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182                                     Jack Fritscher, Ph.D.
            II.  The feature essay as published in Dateline: Colorado, March
               1970, James Kane (Jim Kane), Editor

            Art, Politics, and Revolution:
            You are in the midst of the 2  American Revolution

                                 Chicago 7

               Dateline Colorado Editor’s Note [Jim Kane]: Dr. Fritscher writes in
               a serious vein this month about the interaction of art with our new
               rough-and-tumble American society. He here gives candid opinions
               on the secularizing, revolutionary world parents can expect for their
            No matter what your opinion of the “Chicago Seven” trial, one fact is
            unmistakably clear. The arts, especially film, are of immense import to
            our revolutionary times. This came personally clear to me on New Year’s
            afternoon, 1970.
               It was a cold and gray day, a bad way to begin the new decade in Chi-
            cago. The political climate was even more depressing than the weather.
            Constantin Costa-Gavras’ film Z had opened a few days earlier. Word-
            of-mouth said Z was good. I called some friends and took off.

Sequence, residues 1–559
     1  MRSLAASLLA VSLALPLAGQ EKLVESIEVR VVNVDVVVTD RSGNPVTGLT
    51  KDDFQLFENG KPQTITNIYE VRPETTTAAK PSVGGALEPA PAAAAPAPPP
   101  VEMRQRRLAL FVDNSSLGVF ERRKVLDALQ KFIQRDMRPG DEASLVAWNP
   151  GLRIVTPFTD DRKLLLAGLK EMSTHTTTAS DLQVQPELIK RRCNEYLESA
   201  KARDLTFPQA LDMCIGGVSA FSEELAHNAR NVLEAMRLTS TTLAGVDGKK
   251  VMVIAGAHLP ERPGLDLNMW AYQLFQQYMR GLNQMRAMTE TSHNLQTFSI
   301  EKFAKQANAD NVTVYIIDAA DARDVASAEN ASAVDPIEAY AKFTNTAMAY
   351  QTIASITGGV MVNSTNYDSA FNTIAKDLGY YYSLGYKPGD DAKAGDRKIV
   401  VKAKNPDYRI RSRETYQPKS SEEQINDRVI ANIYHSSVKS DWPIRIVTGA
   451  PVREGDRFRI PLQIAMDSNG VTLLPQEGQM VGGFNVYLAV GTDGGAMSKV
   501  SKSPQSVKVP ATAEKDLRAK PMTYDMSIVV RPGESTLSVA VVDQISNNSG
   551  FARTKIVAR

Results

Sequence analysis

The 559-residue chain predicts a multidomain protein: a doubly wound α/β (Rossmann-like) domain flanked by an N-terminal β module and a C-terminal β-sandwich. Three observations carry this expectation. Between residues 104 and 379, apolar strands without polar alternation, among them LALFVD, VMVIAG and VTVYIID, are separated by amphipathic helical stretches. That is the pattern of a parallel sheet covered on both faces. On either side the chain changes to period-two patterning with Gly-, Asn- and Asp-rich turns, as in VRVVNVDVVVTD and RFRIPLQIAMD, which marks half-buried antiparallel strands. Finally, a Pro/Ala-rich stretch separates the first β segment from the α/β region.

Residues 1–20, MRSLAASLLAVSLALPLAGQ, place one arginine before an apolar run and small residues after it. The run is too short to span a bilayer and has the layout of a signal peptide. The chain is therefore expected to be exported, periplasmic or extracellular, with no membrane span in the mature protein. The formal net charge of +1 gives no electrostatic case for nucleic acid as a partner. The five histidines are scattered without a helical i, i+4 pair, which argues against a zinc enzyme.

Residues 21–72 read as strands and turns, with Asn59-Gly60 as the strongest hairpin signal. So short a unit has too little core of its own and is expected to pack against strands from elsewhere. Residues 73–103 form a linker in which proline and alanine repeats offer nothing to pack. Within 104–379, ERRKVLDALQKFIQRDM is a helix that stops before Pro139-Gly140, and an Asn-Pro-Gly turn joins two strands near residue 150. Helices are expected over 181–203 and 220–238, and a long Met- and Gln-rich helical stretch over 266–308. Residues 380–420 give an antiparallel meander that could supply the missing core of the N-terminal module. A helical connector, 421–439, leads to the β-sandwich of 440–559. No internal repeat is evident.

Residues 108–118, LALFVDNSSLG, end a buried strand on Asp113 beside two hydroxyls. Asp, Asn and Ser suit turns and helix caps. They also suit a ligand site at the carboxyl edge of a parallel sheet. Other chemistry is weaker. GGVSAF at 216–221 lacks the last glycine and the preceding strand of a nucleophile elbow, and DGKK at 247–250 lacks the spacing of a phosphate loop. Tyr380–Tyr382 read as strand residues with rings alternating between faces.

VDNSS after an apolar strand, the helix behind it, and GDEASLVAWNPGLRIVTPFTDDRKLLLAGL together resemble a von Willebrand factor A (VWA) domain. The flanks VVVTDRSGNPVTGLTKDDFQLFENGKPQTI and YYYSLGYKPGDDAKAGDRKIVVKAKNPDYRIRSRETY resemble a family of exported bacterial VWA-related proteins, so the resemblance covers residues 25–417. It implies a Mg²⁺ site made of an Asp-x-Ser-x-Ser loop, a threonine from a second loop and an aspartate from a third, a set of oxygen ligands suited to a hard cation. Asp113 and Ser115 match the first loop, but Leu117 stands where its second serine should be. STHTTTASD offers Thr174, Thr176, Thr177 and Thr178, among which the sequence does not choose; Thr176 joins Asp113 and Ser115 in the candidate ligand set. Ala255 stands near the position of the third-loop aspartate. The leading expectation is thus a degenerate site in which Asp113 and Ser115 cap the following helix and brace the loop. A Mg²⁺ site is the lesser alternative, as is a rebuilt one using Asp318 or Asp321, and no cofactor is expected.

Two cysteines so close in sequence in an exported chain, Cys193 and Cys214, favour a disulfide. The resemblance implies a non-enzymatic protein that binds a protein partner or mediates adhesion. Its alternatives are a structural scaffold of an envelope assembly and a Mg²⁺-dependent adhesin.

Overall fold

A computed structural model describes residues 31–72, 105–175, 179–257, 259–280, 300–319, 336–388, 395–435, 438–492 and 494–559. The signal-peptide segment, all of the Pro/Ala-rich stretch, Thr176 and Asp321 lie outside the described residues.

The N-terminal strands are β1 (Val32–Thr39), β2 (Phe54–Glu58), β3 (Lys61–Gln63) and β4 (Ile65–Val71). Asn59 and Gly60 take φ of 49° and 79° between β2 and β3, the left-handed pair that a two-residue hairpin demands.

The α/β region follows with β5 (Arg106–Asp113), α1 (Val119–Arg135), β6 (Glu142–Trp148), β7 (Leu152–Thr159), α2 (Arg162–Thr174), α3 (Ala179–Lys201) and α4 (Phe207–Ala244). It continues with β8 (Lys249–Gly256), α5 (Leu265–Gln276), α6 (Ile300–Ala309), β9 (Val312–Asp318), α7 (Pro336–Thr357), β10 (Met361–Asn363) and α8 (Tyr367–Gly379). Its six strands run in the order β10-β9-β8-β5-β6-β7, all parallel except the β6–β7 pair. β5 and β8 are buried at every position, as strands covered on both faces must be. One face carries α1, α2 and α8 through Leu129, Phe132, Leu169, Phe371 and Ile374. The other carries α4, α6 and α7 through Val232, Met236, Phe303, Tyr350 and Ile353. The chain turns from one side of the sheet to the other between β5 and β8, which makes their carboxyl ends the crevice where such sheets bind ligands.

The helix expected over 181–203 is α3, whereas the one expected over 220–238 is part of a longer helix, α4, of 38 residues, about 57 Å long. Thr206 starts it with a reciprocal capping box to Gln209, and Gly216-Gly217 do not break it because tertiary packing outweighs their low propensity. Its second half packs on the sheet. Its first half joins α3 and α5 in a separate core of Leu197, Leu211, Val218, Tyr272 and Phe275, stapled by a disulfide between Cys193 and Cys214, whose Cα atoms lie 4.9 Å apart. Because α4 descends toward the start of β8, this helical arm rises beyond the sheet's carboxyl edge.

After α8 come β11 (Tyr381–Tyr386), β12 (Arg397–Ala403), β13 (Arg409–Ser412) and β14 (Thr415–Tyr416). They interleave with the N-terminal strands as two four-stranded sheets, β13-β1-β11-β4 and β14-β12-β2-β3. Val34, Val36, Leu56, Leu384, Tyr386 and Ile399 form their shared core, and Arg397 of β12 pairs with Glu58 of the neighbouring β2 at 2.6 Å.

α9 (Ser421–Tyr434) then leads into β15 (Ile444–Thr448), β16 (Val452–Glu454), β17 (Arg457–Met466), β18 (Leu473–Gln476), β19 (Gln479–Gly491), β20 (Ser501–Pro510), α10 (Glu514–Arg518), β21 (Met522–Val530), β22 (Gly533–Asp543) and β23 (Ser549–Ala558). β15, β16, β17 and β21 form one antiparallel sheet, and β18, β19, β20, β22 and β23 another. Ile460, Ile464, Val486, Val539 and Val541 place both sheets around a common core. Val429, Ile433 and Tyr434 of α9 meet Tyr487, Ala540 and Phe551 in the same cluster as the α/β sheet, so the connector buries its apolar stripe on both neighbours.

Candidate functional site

I’ll not soon forget that beginning of this year sitting next to Abbie
            Hoffman watching him watching Z. I had the sick feeling the film was
            about Abbie, and I wanted to ask Anita, his wife, if she felt that, too. Seven
            weeks later, another of the “Chicago Seven,” Tom Hayden, husband of
            actress-activist Jane Fonda, stood in a Middle-America courtroom saying
            on his day of sentencing that he felt as if he were a character in Z. It was no
            accident that at the same time as the trial, a film was in town to comment
            on the difference between politics and justice.
               Now  Z has five Academy Award nominations and five of the “Chi-
            cago Seven” have maximum prison sentences. [With nominations for Best
            Picture, Best Director, Best Adapted Screenplay, Best Editing, and Best
            Foreign Film, the anti-fascist Z went on to win the 1970 Oscar for Best
            Foreign Film, and remains remarkably relevant to the American politics
            of George W. Bush.  — JF]


          ©Jack Fritscher, Ph.D., All Rights Reserved—posted 05-05-2017
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